Stores were off-loaded in the sheds alongside, a guard placed, and the bulk of the regiment embarked in ferries and were taken across the river to Levis, where the force remained in training until such time as the thirty thou-sand men who composed the First Canadian Contingent were ready to proceed overseas. The disappointment to the men of the Princess Patricia's was severe. They had confidently relied on the promises freely made at the time of enlistment that they were to proceed directly overseas for the immediate reinforcement of General French's "Contemptible Little Army," and to find themselves thus "cribbed, cabined, and confined" was a severe test to the entire regiment.
Some four weeks later, on September 27th, the Princess Patricia's again embarked, this time on the Royal George, and, with the other vessels of the Canadian Armada, proceeded to the mobilizing area at Gaspe Bay. Here the escort also had assembled, and on October 3rd, at 3.30 p.m., the entire fleet put out to sea—thirty transports escorted by H.M.S. Eclipse, H.M.S. Diana, H.M.S. Talbot, and H.M.S. Charybdis, the latter flying the flag of Rear-Admiral Wemyss, to whose charge the entire fleet had been committed.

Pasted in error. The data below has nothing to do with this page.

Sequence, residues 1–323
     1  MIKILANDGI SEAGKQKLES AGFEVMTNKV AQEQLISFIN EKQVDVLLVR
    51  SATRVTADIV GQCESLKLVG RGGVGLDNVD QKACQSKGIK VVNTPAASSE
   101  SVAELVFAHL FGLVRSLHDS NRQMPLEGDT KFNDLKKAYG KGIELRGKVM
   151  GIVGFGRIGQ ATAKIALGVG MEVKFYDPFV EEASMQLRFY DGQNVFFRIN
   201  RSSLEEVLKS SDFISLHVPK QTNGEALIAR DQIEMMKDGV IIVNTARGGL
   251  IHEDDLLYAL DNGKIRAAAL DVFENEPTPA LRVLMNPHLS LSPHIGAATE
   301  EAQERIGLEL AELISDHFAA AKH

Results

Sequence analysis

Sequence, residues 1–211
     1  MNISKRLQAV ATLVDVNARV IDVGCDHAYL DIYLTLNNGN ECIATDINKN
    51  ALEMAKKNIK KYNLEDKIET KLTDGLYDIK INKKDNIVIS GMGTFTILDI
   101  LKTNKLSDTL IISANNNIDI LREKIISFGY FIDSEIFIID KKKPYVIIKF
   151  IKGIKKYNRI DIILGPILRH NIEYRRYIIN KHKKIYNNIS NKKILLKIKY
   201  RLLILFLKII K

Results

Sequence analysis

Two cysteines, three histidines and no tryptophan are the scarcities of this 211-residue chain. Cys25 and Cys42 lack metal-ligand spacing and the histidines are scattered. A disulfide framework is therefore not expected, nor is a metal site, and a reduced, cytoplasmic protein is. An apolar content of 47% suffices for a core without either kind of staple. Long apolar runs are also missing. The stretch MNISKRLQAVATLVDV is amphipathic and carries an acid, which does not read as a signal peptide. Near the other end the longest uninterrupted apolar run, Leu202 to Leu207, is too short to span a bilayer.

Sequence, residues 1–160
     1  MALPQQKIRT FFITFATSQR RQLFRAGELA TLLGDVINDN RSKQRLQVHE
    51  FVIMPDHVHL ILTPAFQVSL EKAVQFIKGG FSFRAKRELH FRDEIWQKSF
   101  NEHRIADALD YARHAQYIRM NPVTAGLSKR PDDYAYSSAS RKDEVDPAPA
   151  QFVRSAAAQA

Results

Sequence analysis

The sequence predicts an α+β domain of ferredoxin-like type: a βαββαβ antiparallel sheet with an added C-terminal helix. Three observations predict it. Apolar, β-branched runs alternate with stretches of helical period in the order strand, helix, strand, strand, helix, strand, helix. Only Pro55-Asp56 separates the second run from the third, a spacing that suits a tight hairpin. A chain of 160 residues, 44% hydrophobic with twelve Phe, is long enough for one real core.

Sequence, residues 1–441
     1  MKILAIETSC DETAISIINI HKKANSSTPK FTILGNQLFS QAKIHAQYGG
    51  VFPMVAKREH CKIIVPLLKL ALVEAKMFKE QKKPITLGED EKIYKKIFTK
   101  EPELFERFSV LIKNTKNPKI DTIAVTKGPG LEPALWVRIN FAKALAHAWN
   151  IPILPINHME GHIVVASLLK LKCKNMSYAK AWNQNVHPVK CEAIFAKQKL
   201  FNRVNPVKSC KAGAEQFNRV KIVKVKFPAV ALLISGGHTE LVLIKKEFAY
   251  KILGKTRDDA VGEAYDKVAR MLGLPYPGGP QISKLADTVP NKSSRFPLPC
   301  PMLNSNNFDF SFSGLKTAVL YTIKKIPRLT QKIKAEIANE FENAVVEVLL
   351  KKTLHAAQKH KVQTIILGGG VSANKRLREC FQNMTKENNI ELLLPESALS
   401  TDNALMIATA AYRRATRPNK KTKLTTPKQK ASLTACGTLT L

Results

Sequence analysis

On Wednesday, October 14th, Eddystone Lighthouse was sighted at noon, and that same day the entire fleet came to anchor in the Hamoaze at Plymouth although the sailing instructions had given Southampton as the destination. This divergence from orders was due to the presence of German "U" boats in the Channel, and occasioned great disappointment to thousands of people who had gathered at Southampton to welcome Canadain-arms. Arrangements thus dislocated, it was three days before the regiment could disembark, and its destination was then Bustard Camp on Salisbury Plain.
For nearly a month the regiment fretted itself under exceedingly trying conditions, due largely to the continuous rains that made the camp ground a sea of mud. But early in November a welcome move was made to